top of page

A Guide for Staying Fit as a Single Paren

A Guide for Staying Fit as a Single Parent

The life of a single parent easy-- there’s no doubt about it. When you’re raising kids, you have to keep your children’s needs before your own, work around their schedule, manage the household finances, and act as emotional guardians for the entire family. If you are a single parent, take all those responsibilities and double them. That’s how not easy it is.

And while it can be easy to forget to take care of yourself in lieu of getting everything else done, you’re really doing a disservice to the whole family. Think about it: there’s a reason flight attendants on airplanes tell you to put your air mask on before your child’s. Sometimes in life you have to take care of yourself before you can really take care of others.

Exercise as Self-Care

One of the simplest, yet most powerful, ways to practice self-care is exercise. Humans are not meant to be as sedentary as we are and the results are poor health, obesity, lethargy, and depression. The connection between the mind and body means if you don’t take care of one, you’ll feel it in both. Taking some time out of your day to work out helps release the stress build up mentally that we eventually feel in our bodies, saving you a few trips to the doctor’s office. Not only does exercise reduce stress, but it also boosts your positive, motivating emotions, too. Part of this is biology — the body is regulating itself during exercise, but it also has to do with seeing and feeling the results of your efforts.

Of course, it can be hard to motivate yourself to go work out after a long day juggling your responsibilities. If you find yourself struggling to find the time, energy, or funds available for it, try these simple tips on how to fit a little more exercise into your life as a single parent.

Fitting in Fitness as a Single Parent

You may think fitness is too time-consuming an endeavor, but you may be surprised at how little a commitment it has to be. The Department of Health and Human Services recommends:

● At least 150 minutes of moderate aerobic activity or 75 minutes of vigorous aerobic activity a week, and

● Strength training exercises for all major muscle groups at least two times a week.

Moderate aerobic activity refers to things you do everyday with your kids like walking, playing on the playground, swimming, dancing, or riding bicycles around the neighborhood… you can easily do that five times a week! The best thing to do is involve your kids in the activity. Not only will you be getting in your exercise while spending quality time with your children, you’ll also be setting a positive example for them as far as healthy habits go.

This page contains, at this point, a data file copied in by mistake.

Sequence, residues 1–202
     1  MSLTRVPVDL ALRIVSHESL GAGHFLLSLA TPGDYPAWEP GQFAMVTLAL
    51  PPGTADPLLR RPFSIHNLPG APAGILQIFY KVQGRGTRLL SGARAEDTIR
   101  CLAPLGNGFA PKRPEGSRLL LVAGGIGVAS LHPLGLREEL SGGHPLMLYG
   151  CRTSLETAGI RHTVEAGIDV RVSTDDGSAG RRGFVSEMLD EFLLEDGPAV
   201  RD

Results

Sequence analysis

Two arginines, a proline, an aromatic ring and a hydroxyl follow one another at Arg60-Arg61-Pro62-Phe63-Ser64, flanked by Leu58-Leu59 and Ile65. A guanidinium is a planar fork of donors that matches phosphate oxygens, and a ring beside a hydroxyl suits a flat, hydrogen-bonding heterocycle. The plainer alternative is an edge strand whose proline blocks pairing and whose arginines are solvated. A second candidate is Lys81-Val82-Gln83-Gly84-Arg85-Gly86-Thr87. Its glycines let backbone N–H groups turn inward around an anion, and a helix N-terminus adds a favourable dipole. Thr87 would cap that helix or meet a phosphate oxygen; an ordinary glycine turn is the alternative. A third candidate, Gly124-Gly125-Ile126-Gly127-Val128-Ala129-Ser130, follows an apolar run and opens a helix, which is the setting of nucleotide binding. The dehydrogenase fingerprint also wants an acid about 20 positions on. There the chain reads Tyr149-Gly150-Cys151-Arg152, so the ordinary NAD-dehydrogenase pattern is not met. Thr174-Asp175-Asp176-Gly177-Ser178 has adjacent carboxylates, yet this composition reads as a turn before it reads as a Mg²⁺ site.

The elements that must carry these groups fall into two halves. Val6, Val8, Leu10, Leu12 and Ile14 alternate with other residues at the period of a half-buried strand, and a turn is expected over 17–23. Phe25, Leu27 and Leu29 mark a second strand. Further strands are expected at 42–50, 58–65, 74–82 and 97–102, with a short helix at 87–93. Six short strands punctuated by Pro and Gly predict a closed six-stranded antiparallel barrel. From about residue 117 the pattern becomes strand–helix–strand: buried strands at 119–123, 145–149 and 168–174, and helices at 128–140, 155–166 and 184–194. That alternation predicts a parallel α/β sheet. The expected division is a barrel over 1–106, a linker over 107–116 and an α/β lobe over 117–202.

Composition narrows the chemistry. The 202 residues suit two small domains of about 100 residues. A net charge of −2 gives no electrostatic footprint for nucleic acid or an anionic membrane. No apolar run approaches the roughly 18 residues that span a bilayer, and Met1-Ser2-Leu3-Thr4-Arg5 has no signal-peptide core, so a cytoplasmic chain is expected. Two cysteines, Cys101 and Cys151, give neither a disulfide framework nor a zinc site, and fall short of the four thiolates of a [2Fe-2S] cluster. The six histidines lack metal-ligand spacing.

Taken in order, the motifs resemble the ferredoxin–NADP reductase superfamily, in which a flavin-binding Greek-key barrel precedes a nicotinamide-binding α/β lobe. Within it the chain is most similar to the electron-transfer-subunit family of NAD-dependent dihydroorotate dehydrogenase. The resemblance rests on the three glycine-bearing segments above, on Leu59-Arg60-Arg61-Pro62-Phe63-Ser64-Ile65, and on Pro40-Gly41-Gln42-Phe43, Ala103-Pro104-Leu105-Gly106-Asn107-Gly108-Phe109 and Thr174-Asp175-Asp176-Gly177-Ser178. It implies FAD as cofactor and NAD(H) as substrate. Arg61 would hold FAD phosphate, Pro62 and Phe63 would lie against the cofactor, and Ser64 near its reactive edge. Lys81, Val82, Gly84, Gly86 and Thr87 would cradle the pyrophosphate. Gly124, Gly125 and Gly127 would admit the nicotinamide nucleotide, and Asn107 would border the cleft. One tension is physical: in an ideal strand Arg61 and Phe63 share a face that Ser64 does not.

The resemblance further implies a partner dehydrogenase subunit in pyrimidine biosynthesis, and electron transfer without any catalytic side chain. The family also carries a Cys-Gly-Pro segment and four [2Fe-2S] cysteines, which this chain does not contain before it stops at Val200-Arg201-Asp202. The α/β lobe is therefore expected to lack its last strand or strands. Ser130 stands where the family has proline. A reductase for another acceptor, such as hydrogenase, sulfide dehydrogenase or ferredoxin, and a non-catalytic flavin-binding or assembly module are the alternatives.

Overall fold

Of course, walking with your kids does not count for the strength training part of the recommendation. It’s important to strength train in order manage your weight, increase bone density, prevent disease, and generally feel better as you age. While you may hear “strength training” and think of bulky bodybuilders pumping iron at the gym, it doesn’t have to be that complicated (or intimidating!). You can strength train at home for free with the help of some inexpensive, instructional internet videos, and a little bit of discipline.

Your life as a single parent may be hectic, but it’s important to make time for your health. If you don’t take care of yourself, you can’t take care of your family to your best ability. An important way to care for yourself is through exercise. It will help you feel great and live longer. You don’t have to commit too much time a day to being fit, but using that time to bond with your kids helps with a tight schedule all while setting a great example on the importance of taking care of one’s health.

Featured Posts
Recent Posts
Search By Tags
Follow Us
  • Facebook Classic
  • Twitter Classic
bottom of page